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Schenectady murder-for-hire case goes to jury

Schenectady murder-for-hire case goes to jury

Evidence from technology form backbone of prosecution's case against three accused men.
Schenectady murder-for-hire case goes to jury
Joevany Luna, right, in court Aug. 29, 2017.
Photographer: Steve Cook

SCHENECTADY -- Cellphone tower evidence, license plate reader data, street surveillance cameras and wire taps all point to three men for the murder of Charles Dembrosky, a prosecutor said on Wednesday.

Joevany Luna was driven from Delaware to Schenectady by fellow Delaware resident Kyshaan Moore, and Schenectady resident Tarchand Lall paid Luna for the killing, prosecutor Peter Willis told a jury in closing arguments of Luna and Moore's first-degree murder trial.

"There is no other reasonable view of this evidence than both of these men are guilty of murder in the first degree," Willis told the jury.

Willis highlighted his closing with a video aid for the jury, which showed maps, cellphone calls and the images captured by the license plate readers. 

Over the course of several minutes, the video showed the communication towers Luna and Moore's cellphones used as they traveled to Schenectady that night. Though neither man had any connection to the city, they drove first to Lall's house in Mont Pleasant and then to Bellevue, where Dembrosky lived.

Willis also played audio from police wiretaps and referenced 67 calls between the phone tied to Luna, 43, in Delaware and Lall, 53, in Schenectady in the days leading up to the shooting and the $10,000 Lall withdrew as payment for the murder.

The cellphone associated with Luna also was used to place calls to Dembrosky three times right before he was shot -- the only three times that cellphone ever called Dembrosky. 

All three men are accused of conspiring to kill Dembrosky early on the morning of Nov. 19, 2016, outside Dembrosky's 2436 Campbell Ave. residence in Schenectady. The alleged motive was to collect on a life insurance policy Lall had taken out on Dembrosky.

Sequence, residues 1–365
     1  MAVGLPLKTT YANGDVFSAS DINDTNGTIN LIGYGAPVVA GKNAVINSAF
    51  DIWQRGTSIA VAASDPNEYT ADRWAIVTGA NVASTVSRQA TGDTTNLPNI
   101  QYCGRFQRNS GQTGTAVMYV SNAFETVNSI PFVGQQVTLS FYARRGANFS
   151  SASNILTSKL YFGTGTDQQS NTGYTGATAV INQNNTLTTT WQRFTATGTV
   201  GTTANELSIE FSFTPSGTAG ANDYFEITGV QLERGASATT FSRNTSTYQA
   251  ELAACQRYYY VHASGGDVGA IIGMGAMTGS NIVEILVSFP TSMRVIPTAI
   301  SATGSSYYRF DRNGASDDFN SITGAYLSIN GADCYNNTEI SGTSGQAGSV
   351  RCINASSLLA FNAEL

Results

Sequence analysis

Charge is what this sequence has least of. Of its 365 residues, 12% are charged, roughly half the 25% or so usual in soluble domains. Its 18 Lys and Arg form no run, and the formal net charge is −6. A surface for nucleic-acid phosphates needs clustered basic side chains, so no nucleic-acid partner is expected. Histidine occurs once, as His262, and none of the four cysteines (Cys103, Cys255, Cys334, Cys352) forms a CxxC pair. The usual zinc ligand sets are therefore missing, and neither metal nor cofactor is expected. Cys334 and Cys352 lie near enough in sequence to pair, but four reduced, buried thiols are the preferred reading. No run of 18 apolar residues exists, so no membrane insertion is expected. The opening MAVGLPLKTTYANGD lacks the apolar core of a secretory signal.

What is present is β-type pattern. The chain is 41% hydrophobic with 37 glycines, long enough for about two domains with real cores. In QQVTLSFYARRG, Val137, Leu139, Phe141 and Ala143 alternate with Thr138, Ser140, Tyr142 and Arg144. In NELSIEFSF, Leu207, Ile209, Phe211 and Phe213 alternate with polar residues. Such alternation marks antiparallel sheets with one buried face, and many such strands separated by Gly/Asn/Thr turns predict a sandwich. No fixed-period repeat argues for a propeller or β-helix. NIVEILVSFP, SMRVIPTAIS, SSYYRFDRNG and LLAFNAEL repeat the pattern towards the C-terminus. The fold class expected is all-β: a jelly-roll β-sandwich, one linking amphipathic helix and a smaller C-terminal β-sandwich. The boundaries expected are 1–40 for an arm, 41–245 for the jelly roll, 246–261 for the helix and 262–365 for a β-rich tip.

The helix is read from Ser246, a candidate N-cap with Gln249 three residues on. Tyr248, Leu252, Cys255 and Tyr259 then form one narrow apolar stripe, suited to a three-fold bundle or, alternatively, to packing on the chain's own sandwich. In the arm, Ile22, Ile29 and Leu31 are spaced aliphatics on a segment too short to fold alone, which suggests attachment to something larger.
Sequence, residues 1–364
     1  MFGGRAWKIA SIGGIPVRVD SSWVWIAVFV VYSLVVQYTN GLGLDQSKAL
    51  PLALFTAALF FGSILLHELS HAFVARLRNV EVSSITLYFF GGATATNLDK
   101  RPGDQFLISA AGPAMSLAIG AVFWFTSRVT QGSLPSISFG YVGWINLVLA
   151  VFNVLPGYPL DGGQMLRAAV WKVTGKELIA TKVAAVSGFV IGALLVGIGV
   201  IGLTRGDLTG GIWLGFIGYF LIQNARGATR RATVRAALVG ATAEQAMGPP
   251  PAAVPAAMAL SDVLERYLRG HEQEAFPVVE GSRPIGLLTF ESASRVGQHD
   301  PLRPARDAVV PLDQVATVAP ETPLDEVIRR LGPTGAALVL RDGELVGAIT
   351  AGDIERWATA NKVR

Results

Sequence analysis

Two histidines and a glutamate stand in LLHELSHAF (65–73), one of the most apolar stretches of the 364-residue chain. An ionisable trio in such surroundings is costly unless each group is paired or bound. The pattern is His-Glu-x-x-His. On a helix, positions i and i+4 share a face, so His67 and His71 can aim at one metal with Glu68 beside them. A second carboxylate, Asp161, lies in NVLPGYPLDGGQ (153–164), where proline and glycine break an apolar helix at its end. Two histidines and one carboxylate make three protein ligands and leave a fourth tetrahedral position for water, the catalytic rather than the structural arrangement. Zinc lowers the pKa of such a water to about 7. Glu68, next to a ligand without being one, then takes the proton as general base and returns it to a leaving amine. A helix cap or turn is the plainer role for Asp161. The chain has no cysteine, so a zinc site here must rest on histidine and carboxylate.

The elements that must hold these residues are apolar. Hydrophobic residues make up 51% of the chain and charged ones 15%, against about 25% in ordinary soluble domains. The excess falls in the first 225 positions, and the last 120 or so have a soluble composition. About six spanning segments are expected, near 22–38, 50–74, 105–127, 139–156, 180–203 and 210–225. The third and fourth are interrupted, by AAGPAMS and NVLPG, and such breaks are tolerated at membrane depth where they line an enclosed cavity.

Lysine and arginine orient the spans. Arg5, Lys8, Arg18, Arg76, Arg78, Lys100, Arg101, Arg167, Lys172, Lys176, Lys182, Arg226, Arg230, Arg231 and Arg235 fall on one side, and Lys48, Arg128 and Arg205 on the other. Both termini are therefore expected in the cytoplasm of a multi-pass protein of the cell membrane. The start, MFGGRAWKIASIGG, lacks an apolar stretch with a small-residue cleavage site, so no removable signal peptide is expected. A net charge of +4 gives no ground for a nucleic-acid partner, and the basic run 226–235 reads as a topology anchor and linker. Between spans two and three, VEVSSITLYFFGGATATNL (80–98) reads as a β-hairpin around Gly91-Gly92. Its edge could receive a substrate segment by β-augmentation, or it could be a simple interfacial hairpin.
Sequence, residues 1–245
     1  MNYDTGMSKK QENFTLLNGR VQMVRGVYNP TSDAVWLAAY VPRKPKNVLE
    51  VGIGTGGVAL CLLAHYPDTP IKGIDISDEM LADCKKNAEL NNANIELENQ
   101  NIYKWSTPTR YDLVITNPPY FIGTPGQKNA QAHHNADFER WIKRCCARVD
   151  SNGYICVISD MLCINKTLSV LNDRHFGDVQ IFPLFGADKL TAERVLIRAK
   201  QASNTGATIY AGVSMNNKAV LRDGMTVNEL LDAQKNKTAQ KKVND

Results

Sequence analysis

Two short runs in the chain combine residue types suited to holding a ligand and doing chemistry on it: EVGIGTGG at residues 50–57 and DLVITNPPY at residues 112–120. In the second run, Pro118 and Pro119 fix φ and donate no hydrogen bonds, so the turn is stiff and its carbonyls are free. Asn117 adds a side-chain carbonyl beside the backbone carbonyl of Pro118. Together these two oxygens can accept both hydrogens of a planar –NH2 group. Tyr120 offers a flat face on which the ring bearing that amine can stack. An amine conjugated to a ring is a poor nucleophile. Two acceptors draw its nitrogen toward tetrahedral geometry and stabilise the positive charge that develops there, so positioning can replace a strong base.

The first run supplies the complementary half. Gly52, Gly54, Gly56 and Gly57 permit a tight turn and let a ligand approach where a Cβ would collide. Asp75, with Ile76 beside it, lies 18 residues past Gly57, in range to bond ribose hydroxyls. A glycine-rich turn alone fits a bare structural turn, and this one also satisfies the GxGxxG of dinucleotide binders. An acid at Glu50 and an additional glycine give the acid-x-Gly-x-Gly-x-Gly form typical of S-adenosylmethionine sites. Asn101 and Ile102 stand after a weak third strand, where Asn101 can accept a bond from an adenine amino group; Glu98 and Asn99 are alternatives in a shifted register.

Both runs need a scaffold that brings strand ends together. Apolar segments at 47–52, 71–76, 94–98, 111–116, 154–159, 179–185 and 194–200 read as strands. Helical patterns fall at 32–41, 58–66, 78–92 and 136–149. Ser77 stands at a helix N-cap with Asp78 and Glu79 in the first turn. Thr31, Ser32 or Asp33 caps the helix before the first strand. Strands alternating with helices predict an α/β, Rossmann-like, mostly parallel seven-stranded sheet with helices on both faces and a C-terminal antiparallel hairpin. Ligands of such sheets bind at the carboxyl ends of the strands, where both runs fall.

Prosecutors have said Lall faced significant personal financial problems. Dembrosky had done work for Lall.

Willis argued that Lall met Luna through a mutual acquaintance and hired him for the murder.

Lall is to be tried separately later.

The jury heard closing arguments from all three attorneys Wednesday. Deliberations were to continue Thursday.

Luna's attorney Mark Juda argued the technical evidence isn't as clear as prosecutors say it is. The phone records only provide information about phones; they don't provide details about who was in possession of those phones. Also, surveillance images of the car prosecutors say carried the killer don't show who's inside, Juda argued.

"Nothing from those videos establishes that Joevany Luna was in that car -- absolutely nothing," Juda argued.

There's not even a connection between Luna and the car, Juda said. Prosecutors claimed the car belonged to Moore's girlfriend.

Juda also attacked testimony from Luna's girlfriend that tied Luna to the crime, saying she had reasons to lie. 

Moore's attorney, Michael Mansion, argued nothing ties his client to the crime. Lall's communication was completely with the phone associated with Luna, not Moore, Mansion said.

Data from the phone associated with Moore was also not evident in a "dry run" to Schenectady weeks before the crime, Mansion noted.

Mansion also suggested Moore didn't know what Luna was going to do -- that he was along for the ride. He likened the case to a cake, for which the essential ingredients of a conviction -- the elements of the crime -- aren't there.

Willis, speaking after the defense attorneys, countered that the cake ingredients were all there: Money - Lall. A gun - Luna. And a car - Moore.

"When those three ingredients came together the night of Nov. 18-19, 2016, Charles Dembrosky ended up dead, and the three people that brought those ingredients to the table are the ones responsible for Charles Dembrosky's murder."

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